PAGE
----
United States of America, Plaintiff-appellee, v. Ronald Floyd Jackson, Defendant-appellant, 959 F.2d 232 (4th Cir. 1992)

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US Court of Appeals for the Fourth Circuit - 959 F.2d 232 (4th Cir. 1992)

Submitted: December 27, 1991Decided: April 6, 1992


John H. Hare, Assistant Federal Public Defender, Columbia, South Carolina, for Appellant.

E. Bart Daniel, United States Attorney, William E. Day, II, Assistant United States Attorney, Florence, South Carolina, for Appellee.

Before WIDENER and PHILLIPS, Circuit Judges, and CHAPMAN, Senior Circuit Judge.

PER CURIAM:


Ronald Floyd Jackson appeals his sentence which was imposed after he pled guilty, pursuant to a plea agreement, to one count of possession of a firearm by a convicted felon, in violation of 18 U.S.C.A. §§ 922(g) (1) and 924(a) (West Supp. 1991). Jackson was sentenced to sixty-three months imprisonment to run consecutively to an unrelated state sentence he was serving at the time of sentencing. The sentence was imposed pursuant to the Sentencing Reform Act of 1984, 18 U.S.C.A. §§ 3551-3586 (West Supp. 1991).

At the sentencing hearing, the district court stated its belief that the sentencing guidelines did not permit it to order a concurrent sentence. The court also stated that even if it had such authority, it would refuse to exercise it in this case.

The only issue raised on appeal is the district court's authority to order a concurrent sentence. Although we are of the view that the district court did have discretion to impose either a concurrent or consecutive sentence, in light of the court's remarks at the sentencing hearing, we affirm the sentence as ordered by the court below.

Jackson was sentenced on February 27, 1991. The relevant guideline in effect at the time of sentencing1  stated:

Imposition of a Sentence on a Defendant Serving an Unexpired Term of Imprisonment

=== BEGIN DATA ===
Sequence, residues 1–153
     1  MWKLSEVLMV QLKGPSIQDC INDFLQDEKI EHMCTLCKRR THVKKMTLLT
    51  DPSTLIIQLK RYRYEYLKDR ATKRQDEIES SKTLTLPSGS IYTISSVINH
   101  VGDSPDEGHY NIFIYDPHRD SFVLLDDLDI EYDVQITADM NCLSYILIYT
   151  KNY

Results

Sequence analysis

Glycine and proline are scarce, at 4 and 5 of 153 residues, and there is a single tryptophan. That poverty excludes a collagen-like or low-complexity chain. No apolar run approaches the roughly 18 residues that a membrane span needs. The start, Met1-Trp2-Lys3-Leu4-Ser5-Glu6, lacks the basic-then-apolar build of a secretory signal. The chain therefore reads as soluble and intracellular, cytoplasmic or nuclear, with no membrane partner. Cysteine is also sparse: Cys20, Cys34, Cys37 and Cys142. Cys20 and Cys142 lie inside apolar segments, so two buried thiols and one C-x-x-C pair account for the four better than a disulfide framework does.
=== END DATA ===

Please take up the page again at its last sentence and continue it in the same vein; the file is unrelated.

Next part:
If the instant offense was committed while the defendant was serving a term of imprisonment (including work release, furlough, or escape status), the sentence for the instant offense shall be imposed to run consecutively to the unexpired term of imprisonment.

U.S.S.G. § 5G1.3 (Nov. 1990).2  The Commentary provided that either a concurrent or consecutive sentence could be imposed if the instant offense was not committed while the defendant was serving the prior term of imprisonment.

The offense conduct charged in this case occurred in February 1990. In August 1990, Jackson was arrested for an unrelated state drug offense for which he was imprisoned at the time he was sentenced on the federal charges. Since the federal offense to which Jackson pled guilty was not committed while he was serving a term of imprisonment, the district court had discretion to impose a consecutive or concurrent sentence.

Although the district court may have misstated its authority to order a concurrent sentence, it was unequivocal in its unwillingness to do so in the event that it had such authority. Therefore, any error in its belief about the existence of that discretion is harmless. See United States v. Cooper, 912 F.2d 344, 348 (9th Cir. 1990) (district court stated it would have imposed same sentence regardless of determination on obstruction of justice issue, therefore resentencing not required); cf. United States v. Rogers, 897 F.2d 134, 138 (4th Cir. 1990) (district court erred when it refused to consider concurrent sentence despite its general authority to depart from guidelines and case remanded).

For these reasons, we affirm Jackson's sentence. We dispense with oral argument because the facts and legal contentions are adequately presented in the materials before the Court and argument would not aid the decisional process.

AFFIRMED

 1

Generally, the guidelines in effect on the date of sentencing should be used in determining the sentence. 18 U.S.C. § 3553(a) (4) (1988); United States v. Cusack, 901 F.2d 29 (4th Cir. 1990)

 2

This section was amended, effective November 1, 1991. The amendment would have severely limited the sentencing court's discretion to impose a concurrent sentence in this case